Today's Labor History
Click here to check out this week's Labor History Today podcast. “You can't know where you are going if you don't understand where you came from.” AFL-CIO president Richard Trumka sits down with Labor History Today’s Joe McCartin to discuss the historic Pittston strike, which began on September 17, 1989, when ninety-eight members of the United Mine Workers of America and a minister occupied the Pittston Coal Company's Moss 3 preparation plant in Carbon, Virginia. Plus Cool Things from the Meany Labor Archives: the AFL-CIO’s attempts to persuade union voters not to support George Wallace during the 1972 presidential campaign.
Upton Sinclair, socialist and author of "The Jungle"—published on this day in 1906—born in Baltimore, MD - 1878
According to folklorist John Garst, steel-drivin’ man John Henry, born a slave, outperformed a steam hammer on this date at the Coosa Mountain Tunnel or the Oak Mountain Tunnel of the Columbus and Western Railway (now part of the Norfolk Southern) near Leeds, Ala. Other researchers place the contest near Talcott, W. Va. - 1887
International Hod Carriers, Building & Common Laborers Union of America changes name to Laborers' International Union - 1965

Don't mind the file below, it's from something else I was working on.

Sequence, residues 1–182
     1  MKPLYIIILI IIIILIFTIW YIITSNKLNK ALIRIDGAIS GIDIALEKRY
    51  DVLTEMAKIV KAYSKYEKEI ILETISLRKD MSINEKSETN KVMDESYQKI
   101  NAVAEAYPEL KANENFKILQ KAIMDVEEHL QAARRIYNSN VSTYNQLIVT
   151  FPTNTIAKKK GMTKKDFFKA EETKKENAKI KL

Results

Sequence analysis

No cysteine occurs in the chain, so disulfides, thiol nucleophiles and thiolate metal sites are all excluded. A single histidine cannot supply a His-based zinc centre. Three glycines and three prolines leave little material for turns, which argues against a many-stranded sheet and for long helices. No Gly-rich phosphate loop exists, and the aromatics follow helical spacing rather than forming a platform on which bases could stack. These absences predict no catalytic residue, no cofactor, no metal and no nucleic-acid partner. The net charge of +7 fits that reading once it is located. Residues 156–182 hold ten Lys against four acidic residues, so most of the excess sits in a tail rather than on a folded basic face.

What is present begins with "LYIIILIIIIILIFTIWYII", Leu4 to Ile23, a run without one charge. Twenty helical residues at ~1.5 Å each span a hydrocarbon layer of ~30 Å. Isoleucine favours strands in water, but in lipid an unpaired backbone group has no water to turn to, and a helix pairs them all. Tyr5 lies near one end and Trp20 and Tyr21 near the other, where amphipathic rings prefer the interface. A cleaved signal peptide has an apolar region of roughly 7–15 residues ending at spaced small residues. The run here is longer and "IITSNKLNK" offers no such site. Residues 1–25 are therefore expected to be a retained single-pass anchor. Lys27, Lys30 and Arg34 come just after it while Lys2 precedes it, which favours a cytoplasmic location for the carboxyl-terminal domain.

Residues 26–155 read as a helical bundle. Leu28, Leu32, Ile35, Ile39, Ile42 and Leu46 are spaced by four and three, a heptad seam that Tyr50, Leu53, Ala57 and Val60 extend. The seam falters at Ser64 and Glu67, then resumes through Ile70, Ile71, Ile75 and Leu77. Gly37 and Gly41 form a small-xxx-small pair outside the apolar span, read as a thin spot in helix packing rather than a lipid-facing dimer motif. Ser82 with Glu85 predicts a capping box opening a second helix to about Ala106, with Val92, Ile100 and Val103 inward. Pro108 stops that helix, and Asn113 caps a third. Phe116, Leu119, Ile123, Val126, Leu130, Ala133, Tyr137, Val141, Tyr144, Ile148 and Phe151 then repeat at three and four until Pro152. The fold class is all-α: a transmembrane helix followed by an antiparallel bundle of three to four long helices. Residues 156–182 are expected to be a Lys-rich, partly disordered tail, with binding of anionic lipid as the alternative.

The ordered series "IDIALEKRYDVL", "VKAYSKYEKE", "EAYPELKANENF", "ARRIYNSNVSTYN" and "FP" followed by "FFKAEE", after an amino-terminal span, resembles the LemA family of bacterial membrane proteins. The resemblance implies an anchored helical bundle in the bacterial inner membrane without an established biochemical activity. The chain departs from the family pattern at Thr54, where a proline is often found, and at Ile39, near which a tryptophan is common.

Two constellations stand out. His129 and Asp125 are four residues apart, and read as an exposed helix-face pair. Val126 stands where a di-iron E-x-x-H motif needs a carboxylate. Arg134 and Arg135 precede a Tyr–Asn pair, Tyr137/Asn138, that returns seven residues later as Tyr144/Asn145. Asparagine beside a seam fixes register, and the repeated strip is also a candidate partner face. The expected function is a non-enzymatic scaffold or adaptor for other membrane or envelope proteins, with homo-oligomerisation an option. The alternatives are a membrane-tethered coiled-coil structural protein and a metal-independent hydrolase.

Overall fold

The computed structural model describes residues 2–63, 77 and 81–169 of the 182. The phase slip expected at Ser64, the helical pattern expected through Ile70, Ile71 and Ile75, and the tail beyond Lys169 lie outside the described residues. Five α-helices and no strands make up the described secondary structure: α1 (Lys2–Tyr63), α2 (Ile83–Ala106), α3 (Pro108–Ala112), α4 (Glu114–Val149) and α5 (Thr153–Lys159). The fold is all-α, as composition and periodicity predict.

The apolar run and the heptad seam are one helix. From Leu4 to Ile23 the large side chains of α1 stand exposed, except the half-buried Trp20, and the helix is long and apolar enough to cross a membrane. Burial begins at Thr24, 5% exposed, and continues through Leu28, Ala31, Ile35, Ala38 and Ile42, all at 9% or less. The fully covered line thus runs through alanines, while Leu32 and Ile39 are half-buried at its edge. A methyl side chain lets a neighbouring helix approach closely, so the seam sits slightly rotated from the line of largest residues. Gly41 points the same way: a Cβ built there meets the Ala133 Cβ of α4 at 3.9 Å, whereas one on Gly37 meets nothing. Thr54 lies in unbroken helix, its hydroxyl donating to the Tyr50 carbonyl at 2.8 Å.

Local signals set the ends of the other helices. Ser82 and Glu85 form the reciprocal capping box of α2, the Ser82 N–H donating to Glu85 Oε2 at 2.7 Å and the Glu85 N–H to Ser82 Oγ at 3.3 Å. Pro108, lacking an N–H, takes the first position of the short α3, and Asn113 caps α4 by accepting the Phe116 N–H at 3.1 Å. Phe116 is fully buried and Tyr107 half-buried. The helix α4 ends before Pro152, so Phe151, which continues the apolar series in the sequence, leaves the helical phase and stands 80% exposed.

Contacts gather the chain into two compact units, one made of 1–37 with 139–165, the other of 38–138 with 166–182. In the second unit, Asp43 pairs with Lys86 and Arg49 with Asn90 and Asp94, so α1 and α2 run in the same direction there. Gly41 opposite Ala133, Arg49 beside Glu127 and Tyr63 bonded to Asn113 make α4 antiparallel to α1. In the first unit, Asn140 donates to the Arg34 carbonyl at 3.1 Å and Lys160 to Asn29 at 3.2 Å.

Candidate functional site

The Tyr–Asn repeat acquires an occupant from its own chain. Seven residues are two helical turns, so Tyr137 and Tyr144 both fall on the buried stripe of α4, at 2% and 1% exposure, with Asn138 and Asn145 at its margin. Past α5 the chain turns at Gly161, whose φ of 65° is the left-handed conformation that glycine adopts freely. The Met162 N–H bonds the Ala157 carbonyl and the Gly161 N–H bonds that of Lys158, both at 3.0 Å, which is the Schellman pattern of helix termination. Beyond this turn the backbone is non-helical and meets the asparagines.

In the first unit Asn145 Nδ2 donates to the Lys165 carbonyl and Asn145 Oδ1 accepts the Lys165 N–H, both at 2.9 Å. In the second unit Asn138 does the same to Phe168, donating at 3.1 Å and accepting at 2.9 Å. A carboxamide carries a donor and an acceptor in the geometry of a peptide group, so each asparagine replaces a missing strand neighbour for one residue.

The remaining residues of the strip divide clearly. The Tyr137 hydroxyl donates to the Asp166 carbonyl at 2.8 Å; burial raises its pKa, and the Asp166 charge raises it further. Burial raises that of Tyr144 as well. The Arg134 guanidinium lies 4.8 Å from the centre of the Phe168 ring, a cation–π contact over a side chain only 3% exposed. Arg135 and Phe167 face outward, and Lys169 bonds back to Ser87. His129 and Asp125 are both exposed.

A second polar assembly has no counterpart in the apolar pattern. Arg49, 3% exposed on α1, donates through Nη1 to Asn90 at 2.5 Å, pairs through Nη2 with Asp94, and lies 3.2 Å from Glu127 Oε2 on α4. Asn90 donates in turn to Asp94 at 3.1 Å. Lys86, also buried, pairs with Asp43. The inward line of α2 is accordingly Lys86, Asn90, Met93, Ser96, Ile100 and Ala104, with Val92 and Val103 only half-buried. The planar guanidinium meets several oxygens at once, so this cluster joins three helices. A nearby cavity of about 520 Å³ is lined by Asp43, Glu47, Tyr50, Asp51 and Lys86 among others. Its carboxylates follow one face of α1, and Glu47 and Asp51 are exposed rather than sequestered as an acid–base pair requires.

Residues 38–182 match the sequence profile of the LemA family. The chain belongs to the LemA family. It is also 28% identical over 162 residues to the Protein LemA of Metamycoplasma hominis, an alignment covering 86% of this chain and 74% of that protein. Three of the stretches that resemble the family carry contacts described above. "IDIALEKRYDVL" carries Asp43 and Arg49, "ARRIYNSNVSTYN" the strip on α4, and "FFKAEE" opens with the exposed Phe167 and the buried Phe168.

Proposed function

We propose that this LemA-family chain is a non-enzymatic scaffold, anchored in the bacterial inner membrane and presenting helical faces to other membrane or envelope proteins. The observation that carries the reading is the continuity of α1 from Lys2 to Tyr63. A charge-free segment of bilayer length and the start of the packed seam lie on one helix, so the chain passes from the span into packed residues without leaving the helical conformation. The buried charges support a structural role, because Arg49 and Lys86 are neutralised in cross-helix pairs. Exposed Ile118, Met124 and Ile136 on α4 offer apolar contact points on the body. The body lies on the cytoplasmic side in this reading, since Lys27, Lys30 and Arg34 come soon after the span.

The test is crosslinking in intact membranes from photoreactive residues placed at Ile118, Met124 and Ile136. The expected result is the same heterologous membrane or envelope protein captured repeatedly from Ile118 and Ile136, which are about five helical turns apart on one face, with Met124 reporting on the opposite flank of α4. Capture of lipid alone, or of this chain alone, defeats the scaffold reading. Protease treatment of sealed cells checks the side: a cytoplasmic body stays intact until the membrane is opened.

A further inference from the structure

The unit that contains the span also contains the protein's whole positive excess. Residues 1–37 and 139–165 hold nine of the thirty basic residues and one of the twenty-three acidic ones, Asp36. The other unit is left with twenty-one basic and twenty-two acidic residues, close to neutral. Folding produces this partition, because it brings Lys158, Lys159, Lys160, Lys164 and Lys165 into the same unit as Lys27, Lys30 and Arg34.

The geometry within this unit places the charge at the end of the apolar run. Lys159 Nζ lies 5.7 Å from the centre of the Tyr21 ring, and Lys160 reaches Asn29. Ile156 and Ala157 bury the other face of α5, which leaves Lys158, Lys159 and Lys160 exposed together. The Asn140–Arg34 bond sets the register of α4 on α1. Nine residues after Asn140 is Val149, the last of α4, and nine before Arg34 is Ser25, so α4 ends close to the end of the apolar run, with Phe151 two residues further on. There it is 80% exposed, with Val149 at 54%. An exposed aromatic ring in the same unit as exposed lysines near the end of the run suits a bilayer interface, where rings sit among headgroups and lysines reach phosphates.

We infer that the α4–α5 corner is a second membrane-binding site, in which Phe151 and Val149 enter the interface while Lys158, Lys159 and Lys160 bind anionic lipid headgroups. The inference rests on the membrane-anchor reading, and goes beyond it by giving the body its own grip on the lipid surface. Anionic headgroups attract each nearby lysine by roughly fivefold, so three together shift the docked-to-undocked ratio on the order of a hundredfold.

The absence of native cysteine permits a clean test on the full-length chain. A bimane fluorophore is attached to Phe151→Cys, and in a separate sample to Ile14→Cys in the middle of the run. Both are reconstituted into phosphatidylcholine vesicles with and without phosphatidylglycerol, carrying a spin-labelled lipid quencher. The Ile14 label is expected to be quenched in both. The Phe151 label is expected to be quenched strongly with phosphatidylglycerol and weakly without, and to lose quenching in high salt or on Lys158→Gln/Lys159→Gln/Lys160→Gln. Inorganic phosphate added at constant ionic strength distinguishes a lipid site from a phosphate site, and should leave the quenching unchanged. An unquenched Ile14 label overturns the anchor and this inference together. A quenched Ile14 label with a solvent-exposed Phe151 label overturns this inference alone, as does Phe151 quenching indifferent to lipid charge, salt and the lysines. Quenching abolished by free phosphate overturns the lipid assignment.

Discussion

Militia sent to Leadville, Colo., to break miners strike - 1896
Mother Jones leads a march of miners' children through the streets of Charleston, W. Va. - 1913
National Football League Players Assn. members begin what is to become a 57-day strike, their first regular-season walkout ever - 1982
Emancipation Proclamation signed - 1862
Eighteen-year-old Hannah (Annie) Shapiro leads a spontaneous walkout of 17 women at a Hart Schaffner & Marx garment factory in Chicago. It grows into a months-long mass strike involving 40,000 garment workers across the city, protesting 10-hour days, bullying bosses and cuts in already-low wages - 1910
Great Steel Strike begins; 350,000 workers demand union recognition. The AFL Iron and Steel Organizing Committee calls off the strike, their goal unmet, 108 days later - 1919
Martial law rescinded in Mingo County, W. Va. after police, U.S. troops and hired goons finally quell coal miners' strike - 1922
United Textile Workers strike committee orders strikers back to work after 22 days out, ending what was at that point the greatest single industrial conflict in the history of American organized labor. The strike involved some 400,000 workers in New England, the mid-Atlantic states and the South - 1934
San Francisco hotel workers end a two-year contract fight, ratify a new five-year pact with their employers - 2006
Labor history courtesy David Prosten
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